On human nature. I go by an understanding of humanity that is inspired by Aristotle. Human beings have the potential for nobility but are not noble by instinct. They need what I have elsewhere called “social anchorage.” They need to be trained, supported and guided. They need to be governed. It is not in isolation but in togetherness that we can realise our potential. Human beings are stable, they are as they are and good enough. Institutions differ, those influences that train, support and guide. The public good is realised in the building and nurturing of institutions that guide each of us toward the realisation of our noble potential.
On democracy. Democracy is a method more than a purpose. The arguments for democratic government are two: that it, being under popular control, should protect citizens against oppression, and, that it being by consent, should be effective. It is not enough for a democracy to be democratic and no democracy should be lauded for just being a democracy. If it can’t be effective it will decline democratically as well.
On participation. Participation is like motherhood: one cannot be against it. But it is a slippery idea. If it means giving citizens a share in day-to-day decision making, for example through intensive use of referendums and the like, then, sad is it may be, participation from below is not conducive to good government. It gives leaders too little power to dominate followers and others too much power to subvert governors. Hard libertarians and soft advocates of participatory democracy have in common that they believe people to be instinctively of sound and rational character and judgement. But they are not, which is why leadership from above is the essence. Citizens are best served by delegating decision making to representatives. On the other hand, if governors are to get their doings accepted, they need to involve citizens so that they feel they are not being treated arbitrarily or in a dictatorial manner. This is a different form of participation–I prefer to think about it as deliberation–in which governors pull citizens into their orbit, or co-opt them. Needless to say, participation in this meaning is separated from manipulation by a very thin line.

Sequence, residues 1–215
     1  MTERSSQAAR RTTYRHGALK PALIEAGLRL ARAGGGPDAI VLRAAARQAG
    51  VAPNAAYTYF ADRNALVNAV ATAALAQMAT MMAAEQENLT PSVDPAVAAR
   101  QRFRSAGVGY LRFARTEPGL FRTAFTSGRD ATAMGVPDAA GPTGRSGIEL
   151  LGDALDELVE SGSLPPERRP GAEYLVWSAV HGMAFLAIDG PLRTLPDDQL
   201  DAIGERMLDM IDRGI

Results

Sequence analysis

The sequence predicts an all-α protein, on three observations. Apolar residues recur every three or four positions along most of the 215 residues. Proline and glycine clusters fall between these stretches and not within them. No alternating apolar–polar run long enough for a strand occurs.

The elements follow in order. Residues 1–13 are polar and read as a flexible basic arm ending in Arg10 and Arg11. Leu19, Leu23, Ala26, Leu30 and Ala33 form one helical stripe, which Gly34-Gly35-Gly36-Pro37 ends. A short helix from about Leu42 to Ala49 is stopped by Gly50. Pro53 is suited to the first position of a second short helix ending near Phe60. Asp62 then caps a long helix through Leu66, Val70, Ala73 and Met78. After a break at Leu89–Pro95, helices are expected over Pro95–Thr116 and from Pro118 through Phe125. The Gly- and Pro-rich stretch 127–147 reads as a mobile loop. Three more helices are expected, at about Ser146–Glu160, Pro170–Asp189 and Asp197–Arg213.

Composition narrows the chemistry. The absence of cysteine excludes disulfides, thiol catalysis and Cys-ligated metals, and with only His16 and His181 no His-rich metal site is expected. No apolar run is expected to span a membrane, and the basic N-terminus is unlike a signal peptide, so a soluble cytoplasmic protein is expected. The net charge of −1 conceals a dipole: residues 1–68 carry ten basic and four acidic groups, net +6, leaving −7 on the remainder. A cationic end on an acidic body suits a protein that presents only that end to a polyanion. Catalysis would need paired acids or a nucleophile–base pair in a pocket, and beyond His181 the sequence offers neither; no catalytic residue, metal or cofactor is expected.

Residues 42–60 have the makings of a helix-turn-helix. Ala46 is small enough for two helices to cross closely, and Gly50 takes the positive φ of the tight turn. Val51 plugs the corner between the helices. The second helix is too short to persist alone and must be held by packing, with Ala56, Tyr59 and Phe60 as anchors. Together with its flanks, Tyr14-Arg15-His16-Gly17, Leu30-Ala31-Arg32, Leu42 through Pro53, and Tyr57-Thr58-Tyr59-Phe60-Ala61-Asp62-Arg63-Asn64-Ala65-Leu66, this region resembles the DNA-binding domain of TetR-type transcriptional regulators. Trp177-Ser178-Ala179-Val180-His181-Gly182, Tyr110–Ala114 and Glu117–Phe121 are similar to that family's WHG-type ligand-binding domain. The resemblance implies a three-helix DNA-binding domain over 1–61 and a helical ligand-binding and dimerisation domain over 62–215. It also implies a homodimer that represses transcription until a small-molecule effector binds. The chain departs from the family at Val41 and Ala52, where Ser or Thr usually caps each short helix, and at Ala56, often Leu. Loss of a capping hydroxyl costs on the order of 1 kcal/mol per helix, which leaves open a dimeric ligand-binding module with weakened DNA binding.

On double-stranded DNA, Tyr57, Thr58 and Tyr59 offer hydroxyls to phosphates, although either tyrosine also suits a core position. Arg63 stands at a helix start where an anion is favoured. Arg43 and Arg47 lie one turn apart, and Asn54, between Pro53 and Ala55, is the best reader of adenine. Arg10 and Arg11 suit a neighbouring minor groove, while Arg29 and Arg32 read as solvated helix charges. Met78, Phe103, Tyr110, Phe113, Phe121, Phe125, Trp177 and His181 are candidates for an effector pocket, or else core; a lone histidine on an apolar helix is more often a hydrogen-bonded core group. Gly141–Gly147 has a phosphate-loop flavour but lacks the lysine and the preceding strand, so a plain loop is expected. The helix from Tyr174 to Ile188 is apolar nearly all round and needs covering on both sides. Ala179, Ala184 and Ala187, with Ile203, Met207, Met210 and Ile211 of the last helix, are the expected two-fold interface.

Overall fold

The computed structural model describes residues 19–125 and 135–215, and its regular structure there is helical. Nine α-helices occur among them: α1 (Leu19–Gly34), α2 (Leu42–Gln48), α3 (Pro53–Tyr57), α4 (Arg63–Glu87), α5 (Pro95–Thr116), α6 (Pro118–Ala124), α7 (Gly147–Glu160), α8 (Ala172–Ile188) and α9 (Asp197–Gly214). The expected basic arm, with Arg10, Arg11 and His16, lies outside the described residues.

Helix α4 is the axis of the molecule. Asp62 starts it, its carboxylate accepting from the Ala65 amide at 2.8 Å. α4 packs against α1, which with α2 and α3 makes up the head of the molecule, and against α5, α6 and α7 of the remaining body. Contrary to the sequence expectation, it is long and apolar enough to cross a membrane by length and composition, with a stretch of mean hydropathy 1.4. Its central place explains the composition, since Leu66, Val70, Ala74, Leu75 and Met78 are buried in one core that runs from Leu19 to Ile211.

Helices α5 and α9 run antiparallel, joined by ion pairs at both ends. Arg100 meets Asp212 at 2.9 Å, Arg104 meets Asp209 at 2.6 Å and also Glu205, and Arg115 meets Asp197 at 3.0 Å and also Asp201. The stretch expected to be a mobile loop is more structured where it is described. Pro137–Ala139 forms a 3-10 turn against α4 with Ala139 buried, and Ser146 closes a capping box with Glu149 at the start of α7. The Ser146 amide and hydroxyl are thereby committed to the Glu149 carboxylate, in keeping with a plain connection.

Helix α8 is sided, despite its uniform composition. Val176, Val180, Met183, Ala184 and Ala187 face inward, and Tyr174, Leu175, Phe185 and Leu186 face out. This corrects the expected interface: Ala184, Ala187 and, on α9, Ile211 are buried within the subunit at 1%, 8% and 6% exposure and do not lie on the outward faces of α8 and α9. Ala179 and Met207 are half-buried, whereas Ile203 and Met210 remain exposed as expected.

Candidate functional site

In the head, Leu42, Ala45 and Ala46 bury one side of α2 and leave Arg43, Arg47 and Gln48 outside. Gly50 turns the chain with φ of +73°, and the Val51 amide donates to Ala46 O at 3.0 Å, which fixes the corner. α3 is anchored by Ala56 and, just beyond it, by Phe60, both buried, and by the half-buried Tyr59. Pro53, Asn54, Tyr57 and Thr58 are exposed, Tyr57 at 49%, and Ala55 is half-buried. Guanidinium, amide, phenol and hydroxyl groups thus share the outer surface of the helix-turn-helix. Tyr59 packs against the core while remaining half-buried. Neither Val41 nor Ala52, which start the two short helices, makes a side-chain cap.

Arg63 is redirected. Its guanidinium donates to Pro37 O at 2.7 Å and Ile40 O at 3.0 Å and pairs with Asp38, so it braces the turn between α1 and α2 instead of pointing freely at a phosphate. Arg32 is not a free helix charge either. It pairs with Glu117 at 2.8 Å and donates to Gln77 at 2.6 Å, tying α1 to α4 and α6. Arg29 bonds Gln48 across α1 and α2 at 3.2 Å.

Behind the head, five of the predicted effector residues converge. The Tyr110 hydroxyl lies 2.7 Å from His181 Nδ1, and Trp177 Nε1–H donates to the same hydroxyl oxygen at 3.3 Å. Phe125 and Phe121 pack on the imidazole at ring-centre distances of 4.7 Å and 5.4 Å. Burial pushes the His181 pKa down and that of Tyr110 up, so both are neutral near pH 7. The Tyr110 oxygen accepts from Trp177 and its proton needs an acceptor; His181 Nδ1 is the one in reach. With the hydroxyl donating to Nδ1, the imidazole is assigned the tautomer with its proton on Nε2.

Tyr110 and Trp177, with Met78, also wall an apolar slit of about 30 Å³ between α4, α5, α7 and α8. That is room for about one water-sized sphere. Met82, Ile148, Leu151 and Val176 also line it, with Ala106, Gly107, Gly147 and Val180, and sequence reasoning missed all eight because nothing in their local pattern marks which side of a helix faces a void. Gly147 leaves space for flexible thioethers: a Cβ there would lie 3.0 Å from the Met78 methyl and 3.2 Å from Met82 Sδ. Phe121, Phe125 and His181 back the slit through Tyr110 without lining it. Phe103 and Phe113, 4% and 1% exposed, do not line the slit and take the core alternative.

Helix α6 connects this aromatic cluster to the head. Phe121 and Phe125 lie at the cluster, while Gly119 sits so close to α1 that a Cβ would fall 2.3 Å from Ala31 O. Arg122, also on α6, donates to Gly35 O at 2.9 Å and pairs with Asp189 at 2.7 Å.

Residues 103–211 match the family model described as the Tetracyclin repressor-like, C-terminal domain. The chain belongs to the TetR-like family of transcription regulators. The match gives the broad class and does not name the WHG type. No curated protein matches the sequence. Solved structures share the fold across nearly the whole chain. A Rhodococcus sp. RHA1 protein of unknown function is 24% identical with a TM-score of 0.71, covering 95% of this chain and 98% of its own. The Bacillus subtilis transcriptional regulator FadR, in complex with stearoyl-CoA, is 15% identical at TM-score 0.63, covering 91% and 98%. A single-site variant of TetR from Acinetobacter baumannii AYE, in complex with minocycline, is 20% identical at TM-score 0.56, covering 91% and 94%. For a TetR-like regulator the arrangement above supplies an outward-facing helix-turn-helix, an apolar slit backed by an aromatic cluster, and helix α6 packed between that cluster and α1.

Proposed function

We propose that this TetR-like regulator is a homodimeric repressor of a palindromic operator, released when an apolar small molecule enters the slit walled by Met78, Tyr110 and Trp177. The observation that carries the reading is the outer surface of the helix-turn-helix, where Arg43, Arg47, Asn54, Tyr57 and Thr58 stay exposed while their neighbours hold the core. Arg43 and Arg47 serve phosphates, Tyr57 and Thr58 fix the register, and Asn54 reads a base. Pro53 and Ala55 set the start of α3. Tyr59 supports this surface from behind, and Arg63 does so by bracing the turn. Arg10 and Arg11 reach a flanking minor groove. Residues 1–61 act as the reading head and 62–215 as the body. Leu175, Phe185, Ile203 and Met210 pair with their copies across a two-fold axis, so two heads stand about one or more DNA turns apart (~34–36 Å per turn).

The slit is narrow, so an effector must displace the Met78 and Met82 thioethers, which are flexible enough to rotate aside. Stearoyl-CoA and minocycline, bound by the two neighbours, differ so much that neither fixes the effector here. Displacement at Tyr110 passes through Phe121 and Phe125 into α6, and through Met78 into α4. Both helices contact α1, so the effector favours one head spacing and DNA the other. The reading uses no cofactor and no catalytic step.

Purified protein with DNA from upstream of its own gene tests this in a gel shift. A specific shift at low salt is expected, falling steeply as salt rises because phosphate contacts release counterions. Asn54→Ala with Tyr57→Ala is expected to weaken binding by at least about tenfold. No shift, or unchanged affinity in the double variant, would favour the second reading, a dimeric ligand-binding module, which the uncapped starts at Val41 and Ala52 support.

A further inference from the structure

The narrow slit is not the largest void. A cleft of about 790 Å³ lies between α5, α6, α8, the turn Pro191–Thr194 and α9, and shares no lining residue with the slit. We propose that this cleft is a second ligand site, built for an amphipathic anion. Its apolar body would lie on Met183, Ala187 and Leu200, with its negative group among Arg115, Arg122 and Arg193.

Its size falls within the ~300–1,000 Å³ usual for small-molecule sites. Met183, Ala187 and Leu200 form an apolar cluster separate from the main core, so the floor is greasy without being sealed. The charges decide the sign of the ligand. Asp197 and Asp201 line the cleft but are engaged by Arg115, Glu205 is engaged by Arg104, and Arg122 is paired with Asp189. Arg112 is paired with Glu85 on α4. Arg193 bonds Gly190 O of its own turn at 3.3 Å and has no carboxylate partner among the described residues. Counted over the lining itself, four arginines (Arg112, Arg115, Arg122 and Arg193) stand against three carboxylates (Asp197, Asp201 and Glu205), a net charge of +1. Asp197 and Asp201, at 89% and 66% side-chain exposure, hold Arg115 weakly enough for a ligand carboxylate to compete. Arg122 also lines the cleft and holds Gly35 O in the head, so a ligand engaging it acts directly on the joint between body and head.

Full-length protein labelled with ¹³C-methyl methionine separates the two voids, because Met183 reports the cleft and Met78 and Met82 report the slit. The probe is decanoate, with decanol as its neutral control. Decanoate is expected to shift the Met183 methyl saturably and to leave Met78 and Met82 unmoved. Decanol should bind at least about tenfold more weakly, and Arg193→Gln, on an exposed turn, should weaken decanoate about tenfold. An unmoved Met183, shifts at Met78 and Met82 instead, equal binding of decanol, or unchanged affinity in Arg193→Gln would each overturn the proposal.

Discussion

On governing. I identify with “the governor” and want him or her to succeed. I want those of us who reflect on democracy to think more about effectiveness than we have been inclined to. When democratic government is challenged, it is the inability to deliver that makes the challenge credible and dangerous. This way of looking at it reduces somewhat the presence of “the people.” My excuse for thus looking down upon the people from up high is that it is in their (our) interest that they (we) are governed. Governance is a getting-done contest, not a beauty contest.